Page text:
Dean Layfield

16/4/1919 - 25/8/1961

Record updated 16-Apr-20

The most famous of the seven brother that raced in the 1950s and early 60s. He was killed in a freak accident at Wyoming County Intermational Speedway.

Dean Layfield
In 1939 Dean Layfield began racing with his brothers Gerald and Conrad. Dean was the second of 10 children, started racing cars with no roof, no roll cage and no seat belts at Limestone and Steam Valley. He loved racing and it ran in the family as six of his eight brothers became involved.

While his brothers all had long and successful careers, Dean was the most famous. In his 22 years of racing he won numerous track championships and 50 trophies from races at 57 tracks across the country.

His biggest race came in 1958 when he put a roll cage in his car then drove it to Daytona. Once he arrived, he removed the lights and anumber plates and raced the same car in the last Daytona 500 on the old beach course. Dean finished a respectable 12th in the race won by Lee Petty and proved that despite being from a small rural area, he could compete with the NASCAR big boys and their manufactured automobiles. After the race he put the number plates and lights back on and went home.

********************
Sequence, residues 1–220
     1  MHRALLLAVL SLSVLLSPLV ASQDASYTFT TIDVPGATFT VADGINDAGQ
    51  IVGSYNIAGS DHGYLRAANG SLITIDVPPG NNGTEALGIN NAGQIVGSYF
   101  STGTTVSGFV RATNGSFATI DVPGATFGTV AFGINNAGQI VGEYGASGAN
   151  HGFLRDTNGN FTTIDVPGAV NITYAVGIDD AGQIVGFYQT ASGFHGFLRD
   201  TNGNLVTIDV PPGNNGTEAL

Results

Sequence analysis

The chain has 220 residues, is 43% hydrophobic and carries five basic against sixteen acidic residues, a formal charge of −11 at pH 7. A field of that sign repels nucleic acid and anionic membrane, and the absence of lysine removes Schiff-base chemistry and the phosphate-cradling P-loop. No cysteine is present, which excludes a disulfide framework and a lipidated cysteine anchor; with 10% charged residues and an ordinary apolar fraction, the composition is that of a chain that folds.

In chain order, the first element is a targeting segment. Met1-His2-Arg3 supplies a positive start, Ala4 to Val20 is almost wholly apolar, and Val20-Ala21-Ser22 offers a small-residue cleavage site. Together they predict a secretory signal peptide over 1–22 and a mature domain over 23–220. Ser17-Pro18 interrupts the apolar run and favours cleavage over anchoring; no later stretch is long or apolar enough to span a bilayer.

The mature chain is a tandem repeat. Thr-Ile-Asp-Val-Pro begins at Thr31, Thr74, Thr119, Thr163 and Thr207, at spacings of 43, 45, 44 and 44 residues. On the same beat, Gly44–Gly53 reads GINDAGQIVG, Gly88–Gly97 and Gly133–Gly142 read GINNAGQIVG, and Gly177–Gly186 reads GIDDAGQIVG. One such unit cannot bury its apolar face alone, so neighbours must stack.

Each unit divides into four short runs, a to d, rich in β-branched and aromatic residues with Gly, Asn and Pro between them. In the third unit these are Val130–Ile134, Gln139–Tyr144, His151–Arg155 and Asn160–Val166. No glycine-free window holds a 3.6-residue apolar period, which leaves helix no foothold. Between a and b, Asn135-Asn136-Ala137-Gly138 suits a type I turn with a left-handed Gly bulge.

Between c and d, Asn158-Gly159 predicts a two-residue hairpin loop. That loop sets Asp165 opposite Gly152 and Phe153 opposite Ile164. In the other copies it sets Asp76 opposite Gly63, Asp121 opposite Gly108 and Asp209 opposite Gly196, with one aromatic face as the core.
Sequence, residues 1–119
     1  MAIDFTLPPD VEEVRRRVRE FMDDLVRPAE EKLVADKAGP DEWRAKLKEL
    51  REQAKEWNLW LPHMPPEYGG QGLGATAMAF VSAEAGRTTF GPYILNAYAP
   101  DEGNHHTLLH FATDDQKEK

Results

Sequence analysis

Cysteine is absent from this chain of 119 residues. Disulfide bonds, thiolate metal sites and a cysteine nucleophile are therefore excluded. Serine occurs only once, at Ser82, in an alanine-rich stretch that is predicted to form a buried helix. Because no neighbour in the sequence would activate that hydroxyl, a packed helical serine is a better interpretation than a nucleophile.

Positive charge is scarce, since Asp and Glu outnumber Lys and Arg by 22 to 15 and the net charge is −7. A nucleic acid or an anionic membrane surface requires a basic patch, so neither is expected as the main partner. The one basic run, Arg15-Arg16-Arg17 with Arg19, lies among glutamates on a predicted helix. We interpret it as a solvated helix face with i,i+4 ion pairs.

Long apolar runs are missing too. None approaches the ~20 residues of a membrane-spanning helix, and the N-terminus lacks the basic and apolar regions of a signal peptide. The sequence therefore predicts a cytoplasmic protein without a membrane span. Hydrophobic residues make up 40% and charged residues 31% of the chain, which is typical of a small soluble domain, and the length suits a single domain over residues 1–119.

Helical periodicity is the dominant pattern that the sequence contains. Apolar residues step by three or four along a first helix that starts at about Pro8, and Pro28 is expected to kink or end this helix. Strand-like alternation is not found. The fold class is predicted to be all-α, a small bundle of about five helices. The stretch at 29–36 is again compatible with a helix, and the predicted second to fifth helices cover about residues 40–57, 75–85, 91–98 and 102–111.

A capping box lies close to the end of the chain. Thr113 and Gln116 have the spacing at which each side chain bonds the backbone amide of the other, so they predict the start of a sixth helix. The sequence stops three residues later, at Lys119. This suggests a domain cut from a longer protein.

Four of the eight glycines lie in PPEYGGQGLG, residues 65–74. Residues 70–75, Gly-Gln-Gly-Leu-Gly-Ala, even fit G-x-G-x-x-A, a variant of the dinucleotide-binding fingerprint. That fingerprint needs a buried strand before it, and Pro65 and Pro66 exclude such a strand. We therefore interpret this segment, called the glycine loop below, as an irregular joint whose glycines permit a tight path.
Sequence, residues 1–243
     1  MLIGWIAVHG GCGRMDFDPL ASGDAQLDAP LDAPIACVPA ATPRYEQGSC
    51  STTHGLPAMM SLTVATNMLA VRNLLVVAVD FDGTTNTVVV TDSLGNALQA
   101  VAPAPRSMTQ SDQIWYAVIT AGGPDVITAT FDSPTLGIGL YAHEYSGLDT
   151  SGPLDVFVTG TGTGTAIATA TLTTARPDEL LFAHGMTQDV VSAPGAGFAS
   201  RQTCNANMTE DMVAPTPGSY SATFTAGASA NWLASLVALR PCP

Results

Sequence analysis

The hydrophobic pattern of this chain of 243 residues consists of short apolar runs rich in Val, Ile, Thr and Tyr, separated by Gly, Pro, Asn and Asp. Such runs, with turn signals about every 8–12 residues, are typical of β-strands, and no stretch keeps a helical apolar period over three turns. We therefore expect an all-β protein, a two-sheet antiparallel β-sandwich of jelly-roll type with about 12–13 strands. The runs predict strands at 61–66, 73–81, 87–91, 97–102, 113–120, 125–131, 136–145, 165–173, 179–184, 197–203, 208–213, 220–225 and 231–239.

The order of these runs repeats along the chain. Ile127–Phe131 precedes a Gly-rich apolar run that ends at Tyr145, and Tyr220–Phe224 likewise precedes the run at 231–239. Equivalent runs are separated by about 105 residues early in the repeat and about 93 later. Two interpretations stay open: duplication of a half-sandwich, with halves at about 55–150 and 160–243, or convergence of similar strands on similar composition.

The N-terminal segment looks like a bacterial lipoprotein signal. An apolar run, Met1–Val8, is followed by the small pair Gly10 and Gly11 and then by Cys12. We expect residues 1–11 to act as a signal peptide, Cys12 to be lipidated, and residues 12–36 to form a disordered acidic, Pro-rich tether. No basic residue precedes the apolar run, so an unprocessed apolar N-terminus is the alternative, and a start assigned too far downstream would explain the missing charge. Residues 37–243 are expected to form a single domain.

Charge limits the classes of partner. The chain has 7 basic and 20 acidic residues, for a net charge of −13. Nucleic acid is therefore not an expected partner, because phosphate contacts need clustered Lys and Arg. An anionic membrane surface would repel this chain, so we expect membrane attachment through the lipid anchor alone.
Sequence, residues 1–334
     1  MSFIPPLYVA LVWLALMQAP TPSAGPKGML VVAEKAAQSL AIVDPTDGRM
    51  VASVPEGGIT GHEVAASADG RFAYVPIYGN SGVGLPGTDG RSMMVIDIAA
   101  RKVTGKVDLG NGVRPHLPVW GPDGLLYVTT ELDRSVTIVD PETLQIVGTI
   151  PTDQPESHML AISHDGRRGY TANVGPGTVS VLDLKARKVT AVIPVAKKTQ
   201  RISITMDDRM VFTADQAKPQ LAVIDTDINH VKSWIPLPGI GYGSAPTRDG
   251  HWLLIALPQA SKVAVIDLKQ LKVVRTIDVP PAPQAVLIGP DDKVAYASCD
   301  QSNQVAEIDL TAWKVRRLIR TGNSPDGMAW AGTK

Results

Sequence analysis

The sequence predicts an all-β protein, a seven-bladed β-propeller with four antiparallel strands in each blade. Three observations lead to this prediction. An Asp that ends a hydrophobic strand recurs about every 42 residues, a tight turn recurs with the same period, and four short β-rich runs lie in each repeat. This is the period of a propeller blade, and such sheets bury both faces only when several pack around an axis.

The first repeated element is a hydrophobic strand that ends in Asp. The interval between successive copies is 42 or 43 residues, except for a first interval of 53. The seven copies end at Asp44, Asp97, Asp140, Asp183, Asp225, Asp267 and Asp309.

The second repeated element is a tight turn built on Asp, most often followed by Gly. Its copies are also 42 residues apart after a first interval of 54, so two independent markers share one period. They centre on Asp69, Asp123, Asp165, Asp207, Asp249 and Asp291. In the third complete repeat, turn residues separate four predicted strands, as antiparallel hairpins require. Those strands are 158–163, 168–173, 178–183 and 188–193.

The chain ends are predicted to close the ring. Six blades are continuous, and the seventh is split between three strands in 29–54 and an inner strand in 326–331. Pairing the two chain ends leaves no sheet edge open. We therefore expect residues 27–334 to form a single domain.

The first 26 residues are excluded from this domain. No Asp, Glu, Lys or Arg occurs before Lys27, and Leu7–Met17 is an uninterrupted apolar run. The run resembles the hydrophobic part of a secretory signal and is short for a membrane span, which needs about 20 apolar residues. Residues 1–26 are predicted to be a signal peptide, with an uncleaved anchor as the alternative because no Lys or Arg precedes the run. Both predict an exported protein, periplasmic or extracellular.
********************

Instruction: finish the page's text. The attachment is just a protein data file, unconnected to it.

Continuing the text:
He drove car No. 9/16th, picking the number since it was the standard size of most of the bolts on his first car. He raced at almost every track in the area, including Bradford Speedway which he helped the late Ray Schimp lay out across the street from the track’s present location.

In 1957, Layfield finished eighth in a race with Lee Petty and other NASCAR drivers at the Rew Oval. Three years later his life was tragically cut short during a race at Perry Speedway. Dean had entered a “Snap the whip” race at the Wyoming County Intermational Speedway in a borrowed car. He was coming out of the fourth turn passing a lapped car when a stone struck him in the head. The car swerved and went straight over the first turn banking. The car just missed the ticket stand and then drove in a circle a couple of times and coming to rest against some railroad ties with the engine still running. Onlookers thought he was showing off. Sadly he was not. He had received fatal head injuries. He was taken to hospital but passed away on the 25 Aug 1961.

Art Beardsley, the track owner, and Dean were good friends. Art never got over this accident and a few weeks later he sold the track.